Liability is a word that refers to legal responsibility. The liable party is the one whose carelessness, recklessness, or intentional act caused the death of another. This can be an individual, such as a driver in a motor vehicle accident claim or a homeowner in a premises liability claim.

It can also be an entity, such as the maker of a product that was defective and that defect resulted in the accident that caused the decedent’s death. California’s shared liability rules mean that there can be more than one party liable for the accident and responsible for compensating the victim’s family.

To prove that someone was liable for causing your loved one’s death, your Bakersfield wrongful death claim must show:

  • The at-fault party owed you a duty of care. The duty of care refers to the actions that a reasonable person would take in a given set of circumstances to protect the property and physical well-being of others.
  • There was a breach in the duty of care that occurred when the at-fault party took actions that were contrary to the act of protecting the property and physical well-being of others.
  • The actions that the at-fault party took, which breached the duty of care, resulted in an accident in which your loved one suffered fatal injuries and your family incurred financial and emotional losses.

The Compensation Available to Family Members Through a Bakersfield Wrongful Death Claim

California allows wrongful death claimants to seek the recovery of both economic and non-economic damages. The term “recovering damages” in the legal arena means obtaining compensation. Economic damages refer to compensation for the expenses that the family or the deceased’s estate incurred because of the deceased’s death.

The expenses commonly recovered in a wrongful death claim include:

  • Funeral expenses and the cost of burial or cremation.
  • The financial support that the deceased would have provided for their loved ones had they survived the accident.
  • The loss of gifts and benefits the deceased provided to their family members.
  • The cost of household services that the deceased provided.

Non-economic damages refer to compensation for the psychological impacts the deceased’s family members incurred as a result of the loss. Commonly claimed impacts include:

  • The loss of society, protection, and companionship that the deceased provided to their spouse or domestic partner.
  • Loss of consortium, which is the loss of sexual relations incurred by the deceased’s spouse or domestic partner.
  • Loss of moral support, training, and guidance provided by the deceased to their children, grandchildren, and other family members.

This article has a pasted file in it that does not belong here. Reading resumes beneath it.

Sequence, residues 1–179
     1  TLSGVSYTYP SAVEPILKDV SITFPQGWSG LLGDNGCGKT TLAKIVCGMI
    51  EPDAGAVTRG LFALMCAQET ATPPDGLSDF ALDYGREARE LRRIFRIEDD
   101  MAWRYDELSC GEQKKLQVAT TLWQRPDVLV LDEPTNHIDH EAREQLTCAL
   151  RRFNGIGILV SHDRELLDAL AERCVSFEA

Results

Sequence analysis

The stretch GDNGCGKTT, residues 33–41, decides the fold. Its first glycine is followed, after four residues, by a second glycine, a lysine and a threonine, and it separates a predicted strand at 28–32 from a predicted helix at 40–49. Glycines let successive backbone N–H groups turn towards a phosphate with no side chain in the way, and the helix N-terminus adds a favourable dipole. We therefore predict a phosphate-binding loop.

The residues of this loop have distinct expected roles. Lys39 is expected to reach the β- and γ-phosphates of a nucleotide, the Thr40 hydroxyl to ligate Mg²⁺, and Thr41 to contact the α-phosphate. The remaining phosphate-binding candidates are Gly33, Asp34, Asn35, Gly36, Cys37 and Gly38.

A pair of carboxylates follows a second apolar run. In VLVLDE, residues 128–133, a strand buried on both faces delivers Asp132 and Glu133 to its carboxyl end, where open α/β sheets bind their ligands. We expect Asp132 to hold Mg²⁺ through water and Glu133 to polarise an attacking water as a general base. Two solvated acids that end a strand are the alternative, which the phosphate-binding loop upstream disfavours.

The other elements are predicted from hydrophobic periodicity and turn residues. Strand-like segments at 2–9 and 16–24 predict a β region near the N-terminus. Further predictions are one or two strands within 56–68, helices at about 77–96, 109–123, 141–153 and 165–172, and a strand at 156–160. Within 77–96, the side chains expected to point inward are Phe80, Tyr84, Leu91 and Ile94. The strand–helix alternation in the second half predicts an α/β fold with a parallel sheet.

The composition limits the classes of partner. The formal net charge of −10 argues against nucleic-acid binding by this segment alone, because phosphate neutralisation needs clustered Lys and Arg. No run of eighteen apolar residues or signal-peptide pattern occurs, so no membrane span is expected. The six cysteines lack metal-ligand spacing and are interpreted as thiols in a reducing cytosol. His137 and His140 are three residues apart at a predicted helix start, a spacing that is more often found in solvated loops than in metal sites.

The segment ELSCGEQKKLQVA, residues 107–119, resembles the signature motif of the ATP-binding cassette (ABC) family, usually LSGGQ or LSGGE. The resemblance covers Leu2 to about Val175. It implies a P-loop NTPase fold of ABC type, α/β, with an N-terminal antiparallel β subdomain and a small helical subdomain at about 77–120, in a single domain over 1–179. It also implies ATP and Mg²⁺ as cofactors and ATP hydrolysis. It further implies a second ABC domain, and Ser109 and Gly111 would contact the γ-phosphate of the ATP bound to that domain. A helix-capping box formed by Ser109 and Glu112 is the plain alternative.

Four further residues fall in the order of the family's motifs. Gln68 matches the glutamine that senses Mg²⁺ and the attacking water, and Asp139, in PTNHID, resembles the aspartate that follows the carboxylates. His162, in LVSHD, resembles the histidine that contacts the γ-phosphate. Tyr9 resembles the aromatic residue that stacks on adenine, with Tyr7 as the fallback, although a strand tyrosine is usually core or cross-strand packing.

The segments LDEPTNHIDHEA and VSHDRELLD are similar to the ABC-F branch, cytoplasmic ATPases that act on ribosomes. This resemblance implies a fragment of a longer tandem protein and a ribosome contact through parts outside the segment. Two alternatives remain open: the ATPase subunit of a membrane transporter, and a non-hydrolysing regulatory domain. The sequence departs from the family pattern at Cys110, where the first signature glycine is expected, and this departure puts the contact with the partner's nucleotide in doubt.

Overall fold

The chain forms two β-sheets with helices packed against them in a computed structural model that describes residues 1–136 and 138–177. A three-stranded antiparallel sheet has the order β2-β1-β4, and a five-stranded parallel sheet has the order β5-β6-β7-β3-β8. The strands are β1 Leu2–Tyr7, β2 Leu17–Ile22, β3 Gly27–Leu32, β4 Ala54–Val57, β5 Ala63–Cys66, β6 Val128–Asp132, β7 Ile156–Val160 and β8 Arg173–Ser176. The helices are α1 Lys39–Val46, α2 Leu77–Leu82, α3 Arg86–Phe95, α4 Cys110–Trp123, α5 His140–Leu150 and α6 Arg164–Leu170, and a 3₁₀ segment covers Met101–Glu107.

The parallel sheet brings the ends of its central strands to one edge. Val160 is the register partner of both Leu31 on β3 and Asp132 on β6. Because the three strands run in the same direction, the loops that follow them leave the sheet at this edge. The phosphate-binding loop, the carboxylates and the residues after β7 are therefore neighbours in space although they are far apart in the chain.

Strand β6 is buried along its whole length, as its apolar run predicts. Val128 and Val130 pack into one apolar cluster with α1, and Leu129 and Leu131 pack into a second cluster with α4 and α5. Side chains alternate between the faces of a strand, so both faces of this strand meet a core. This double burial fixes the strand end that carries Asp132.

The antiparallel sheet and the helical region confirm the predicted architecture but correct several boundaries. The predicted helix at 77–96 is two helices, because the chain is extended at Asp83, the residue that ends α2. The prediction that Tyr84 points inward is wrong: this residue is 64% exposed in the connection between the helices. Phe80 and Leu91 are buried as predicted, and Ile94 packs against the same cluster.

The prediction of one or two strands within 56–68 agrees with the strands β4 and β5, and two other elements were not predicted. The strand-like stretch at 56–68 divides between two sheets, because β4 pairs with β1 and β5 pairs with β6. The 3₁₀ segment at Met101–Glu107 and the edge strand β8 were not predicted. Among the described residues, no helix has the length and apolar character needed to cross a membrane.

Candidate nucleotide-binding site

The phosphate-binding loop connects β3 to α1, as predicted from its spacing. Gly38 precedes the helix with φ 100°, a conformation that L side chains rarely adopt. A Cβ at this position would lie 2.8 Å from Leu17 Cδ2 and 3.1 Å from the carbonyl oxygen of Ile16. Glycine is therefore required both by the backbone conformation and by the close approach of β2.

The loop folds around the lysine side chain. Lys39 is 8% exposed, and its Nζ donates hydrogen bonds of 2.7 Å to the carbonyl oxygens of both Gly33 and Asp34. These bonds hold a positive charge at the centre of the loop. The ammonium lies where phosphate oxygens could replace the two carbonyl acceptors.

Courts rarely award punitive damages in California wrongful death claims unless the claimant died from an intentional act and the defendant was charged with, and convicted of, felony homicide.

While the felony homicide conviction occurs as a result of a separate, criminal proceeding, the presence of a conviction can be introduced into the civil claim as evidence of liability and for consideration of punitive damages. Punitive damages refer to compensation that is received not for the expenses and impacts incurred, but rather as a way to financially punish the defendant for particularly egregious behavior.

A Survival Cause of Action

In California, wrongful death claims are often accompanied by a different claim known as a survival cause of action.

The deceased’s heirs file this suit on behalf of the estate to obtain compensation for losses that survive the decedent’s death, such as:

  • Medical bills incurred during the treatment of the deceased’s final injury or illness.
  • Lost wages incurred by the deceased between the time of injury and the time of death.
  • Personal property damage sustained by the deceased before death, such as damage to a vehicle incurred in a motor vehicle accident.

While punitive damages are not available in wrongful death claims, they are available in survival causes of action. However, pain and suffering (non-economic) damages are not available in survival claims but are available in wrongful death claims.

Survival claims are only permitted in cases in which the deceased survived long enough to incur some monetary loss as a result of their injuries, even if that time was only minutes.

The May Firm Can Help With Your Wrongful Death Claim

Losing a loved one is one of the most traumatic experiences a family can endure. It is often even more traumatic if the death was the result of someone’s carelessness or recklessness. If you’re looking for a combination of compassionate services and aggressive advocacy as you seek compensation for your loss, trust The May Firm.

When founder Robert May began The May Firm, he did so with a commitment to his blue-collar upbringing and customer satisfaction that his father—a salesman—instilled. These influences created a legal team with a family-like loyalty to its clients, and a law firm that feels less like a pretentious office building and more like the safety of home.

While we strive to keep our environment welcoming, we also are available to come to speak with you at your home or hospital room if that is more convenient, and we welcome your phone calls any time.